This paper studies the trade-off between two different kinds of pure exploration: breadth versus depth. The most biased coin problem asks how many total coin flips are required to identify a "heavy" coin from an infinite bag containing both "heavy" coins with mean $\theta_1 \in (0,1)$, and "light" coins with mean $\theta_0 \in (0,\theta_1)$, where heavy coins are drawn from the bag with probability $\alpha \in (0,1/2)$. The key difficulty of this problem lies in distinguishing whether the two kinds of coins have very similar means, or whether heavy coins are just extremely rare. This problem has applications in crowdsourcing, anomaly detection, and radio spectrum search. Chandrasekaran et. al. (2014) recently introduced a solution to this problem but it required perfect knowledge of $\theta_0,\theta_1,\alpha$. In contrast, we derive algorithms that are adaptive to partial or absent knowledge of the problem parameters. Moreover, our techniques generalize beyond coins to more general instances of infinitely many armed bandit problems. We also prove lower bounds that show our algorithm's upper bounds are tight up to $\log$ factors, and on the way characterize the sample complexity of differentiating between a single parametric distribution and a mixture of two such distributions. As a result, these bounds have surprising implications both for solutions to the most biased coin problem and for anomaly detection when only partial information about the parameters is known.

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Although the human visual system is surprisingly robust to extreme distortion when recognizing objects, most evaluations of computer object detection methods focus only on robustness to natural form deformations such as people's pose changes. To determine whether algorithms truly mirror the flexibility of human vision, they must be compared against human vision at its limits. For example, in Cubist abstract art, painted objects are distorted by object fragmentation and part-reorganization, to the point that human vision often fails to recognize them. In this paper, we evaluate existing object detection methods on these abstract renditions of objects, comparing human annotators to four state-of-the-art object detectors on a corpus of Picasso paintings. Our results demonstrate that while human perception significantly outperforms current methods, human perception and part-based models exhibit a similarly graceful degradation in object detection performance as the objects become increasingly abstract and fragmented, corroborating the theory of part-based object representation in the brain.

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This report provides an overview of recent work that harnesses the Big Data Revolution and Large Scale Computing to address grand computational challenges in Multi-Messenger Astrophysics, with a particular emphasis on real-time discovery campaigns. Acknowledging the transdisciplinary nature of Multi-Messenger Astrophysics, this document has been prepared by members of the physics, astronomy, computer science, data science, software and cyberinfrastructure communities who attended the NSF-, DOE- and NVIDIA-funded "Deep Learning for Multi-Messenger Astrophysics: Real-time Discovery at Scale" workshop, hosted at the National Center for Supercomputing Applications, October 17-19, 2018. Highlights of this report include unanimous agreement that it is critical to accelerate the development and deployment of novel, signal-processing algorithms that use the synergy between artificial intelligence (AI) and high performance computing to maximize the potential for scientific discovery with Multi-Messenger Astrophysics. We discuss key aspects to realize this endeavor, namely (i) the design and exploitation of scalable and computationally efficient AI algorithms for Multi-Messenger Astrophysics; (ii) cyberinfrastructure requirements to numerically simulate astrophysical sources, and to process and interpret Multi-Messenger Astrophysics data; (iii) management of gravitational wave detections and triggers to enable electromagnetic and astro-particle follow-ups; (iv) a vision to harness future developments of machine and deep learning and cyberinfrastructure resources to cope with the scale of discovery in the Big Data Era; (v) and the need to build a community that brings domain experts together with data scientists on equal footing to maximize and accelerate discovery in the nascent field of Multi-Messenger Astrophysics.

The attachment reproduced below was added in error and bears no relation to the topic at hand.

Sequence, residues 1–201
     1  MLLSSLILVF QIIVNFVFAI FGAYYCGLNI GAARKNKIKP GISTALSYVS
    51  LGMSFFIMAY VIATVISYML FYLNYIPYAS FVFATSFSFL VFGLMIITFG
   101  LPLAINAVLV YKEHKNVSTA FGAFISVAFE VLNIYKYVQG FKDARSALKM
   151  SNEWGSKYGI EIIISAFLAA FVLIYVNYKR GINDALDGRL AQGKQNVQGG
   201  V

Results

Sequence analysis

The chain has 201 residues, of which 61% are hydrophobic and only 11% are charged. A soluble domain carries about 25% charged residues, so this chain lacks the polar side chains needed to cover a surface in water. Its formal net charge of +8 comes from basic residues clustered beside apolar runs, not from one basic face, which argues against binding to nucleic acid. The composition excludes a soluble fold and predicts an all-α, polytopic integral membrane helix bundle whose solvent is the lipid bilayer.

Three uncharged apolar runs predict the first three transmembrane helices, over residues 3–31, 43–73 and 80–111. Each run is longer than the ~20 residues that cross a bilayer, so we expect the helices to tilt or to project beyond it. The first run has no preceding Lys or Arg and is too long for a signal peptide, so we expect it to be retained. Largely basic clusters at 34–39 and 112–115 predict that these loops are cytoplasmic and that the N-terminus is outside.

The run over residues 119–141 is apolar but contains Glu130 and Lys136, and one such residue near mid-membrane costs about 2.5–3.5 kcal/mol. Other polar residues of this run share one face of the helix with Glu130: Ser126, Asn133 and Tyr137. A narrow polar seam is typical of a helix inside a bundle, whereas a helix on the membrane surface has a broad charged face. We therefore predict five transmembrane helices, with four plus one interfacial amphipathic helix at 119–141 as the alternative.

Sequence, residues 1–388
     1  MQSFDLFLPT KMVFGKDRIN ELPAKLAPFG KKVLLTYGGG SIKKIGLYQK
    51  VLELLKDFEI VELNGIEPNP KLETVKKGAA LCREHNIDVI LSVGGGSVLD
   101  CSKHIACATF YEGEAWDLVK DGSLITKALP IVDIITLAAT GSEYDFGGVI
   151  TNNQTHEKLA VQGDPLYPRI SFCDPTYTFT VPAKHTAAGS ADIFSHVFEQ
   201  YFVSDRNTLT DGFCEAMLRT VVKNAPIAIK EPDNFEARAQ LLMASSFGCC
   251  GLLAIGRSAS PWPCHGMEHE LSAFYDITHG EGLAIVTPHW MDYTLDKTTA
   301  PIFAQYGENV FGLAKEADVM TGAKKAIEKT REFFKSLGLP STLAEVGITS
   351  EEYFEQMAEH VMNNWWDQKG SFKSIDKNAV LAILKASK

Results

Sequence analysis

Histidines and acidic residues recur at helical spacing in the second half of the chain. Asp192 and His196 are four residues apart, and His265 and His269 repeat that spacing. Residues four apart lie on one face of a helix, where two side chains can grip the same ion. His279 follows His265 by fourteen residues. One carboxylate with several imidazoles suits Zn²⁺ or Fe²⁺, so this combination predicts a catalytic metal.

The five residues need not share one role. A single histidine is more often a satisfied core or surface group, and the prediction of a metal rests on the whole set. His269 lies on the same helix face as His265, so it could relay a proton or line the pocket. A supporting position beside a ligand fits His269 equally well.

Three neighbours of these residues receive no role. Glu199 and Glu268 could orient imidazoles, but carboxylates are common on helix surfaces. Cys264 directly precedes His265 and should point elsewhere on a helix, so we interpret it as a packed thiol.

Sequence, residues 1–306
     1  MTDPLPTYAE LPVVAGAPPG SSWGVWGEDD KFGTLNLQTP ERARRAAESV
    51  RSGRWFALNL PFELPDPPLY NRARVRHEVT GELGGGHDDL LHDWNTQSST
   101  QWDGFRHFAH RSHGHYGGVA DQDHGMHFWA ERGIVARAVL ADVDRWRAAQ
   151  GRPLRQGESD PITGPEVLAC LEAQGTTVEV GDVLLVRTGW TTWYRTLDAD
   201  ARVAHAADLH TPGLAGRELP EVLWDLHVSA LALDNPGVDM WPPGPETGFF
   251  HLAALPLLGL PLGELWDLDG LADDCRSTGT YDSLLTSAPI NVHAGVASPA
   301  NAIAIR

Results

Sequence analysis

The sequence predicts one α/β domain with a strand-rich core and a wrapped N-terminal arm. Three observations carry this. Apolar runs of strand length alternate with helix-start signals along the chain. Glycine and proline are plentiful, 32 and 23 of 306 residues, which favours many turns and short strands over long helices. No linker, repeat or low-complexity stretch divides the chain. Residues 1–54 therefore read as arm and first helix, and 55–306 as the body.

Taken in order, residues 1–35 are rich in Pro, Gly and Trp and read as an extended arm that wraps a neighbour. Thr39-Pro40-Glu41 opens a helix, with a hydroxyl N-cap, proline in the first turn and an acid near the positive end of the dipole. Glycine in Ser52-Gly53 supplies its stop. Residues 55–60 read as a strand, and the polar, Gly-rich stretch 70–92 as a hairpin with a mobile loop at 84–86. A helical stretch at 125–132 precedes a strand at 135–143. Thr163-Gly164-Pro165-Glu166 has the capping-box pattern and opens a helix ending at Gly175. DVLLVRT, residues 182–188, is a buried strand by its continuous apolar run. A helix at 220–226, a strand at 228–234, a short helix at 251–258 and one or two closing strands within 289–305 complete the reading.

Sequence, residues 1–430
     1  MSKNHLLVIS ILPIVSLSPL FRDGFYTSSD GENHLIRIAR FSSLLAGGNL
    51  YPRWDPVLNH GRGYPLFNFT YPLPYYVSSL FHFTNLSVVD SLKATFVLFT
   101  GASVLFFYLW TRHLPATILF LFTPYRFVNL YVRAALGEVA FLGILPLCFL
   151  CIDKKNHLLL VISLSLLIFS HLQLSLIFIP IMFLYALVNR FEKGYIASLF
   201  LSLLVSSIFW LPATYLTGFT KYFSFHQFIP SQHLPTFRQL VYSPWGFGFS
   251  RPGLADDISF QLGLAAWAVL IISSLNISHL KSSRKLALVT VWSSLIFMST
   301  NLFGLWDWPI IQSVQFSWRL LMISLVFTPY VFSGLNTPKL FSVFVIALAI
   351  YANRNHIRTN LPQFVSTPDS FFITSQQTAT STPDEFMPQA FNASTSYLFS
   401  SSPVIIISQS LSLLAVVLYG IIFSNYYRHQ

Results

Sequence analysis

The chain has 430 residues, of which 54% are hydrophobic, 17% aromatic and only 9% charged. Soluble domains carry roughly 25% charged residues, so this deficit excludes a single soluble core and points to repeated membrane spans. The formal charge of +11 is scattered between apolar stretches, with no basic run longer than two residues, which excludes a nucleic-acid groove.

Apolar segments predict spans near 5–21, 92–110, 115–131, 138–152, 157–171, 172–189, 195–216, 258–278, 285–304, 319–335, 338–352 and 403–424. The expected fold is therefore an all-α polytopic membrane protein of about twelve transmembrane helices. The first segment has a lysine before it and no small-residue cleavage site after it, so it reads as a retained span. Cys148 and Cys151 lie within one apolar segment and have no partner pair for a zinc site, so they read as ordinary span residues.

* 15 pages, no figures. White paper based on the "Deep Learning for Multi-Messenger Astrophysics: Real-time Discovery at Scale" workshop, hosted at NCSA, October 17-19, 2018 http://www.ncsa.illinois.edu/Conferences/DeepLearningLSST/
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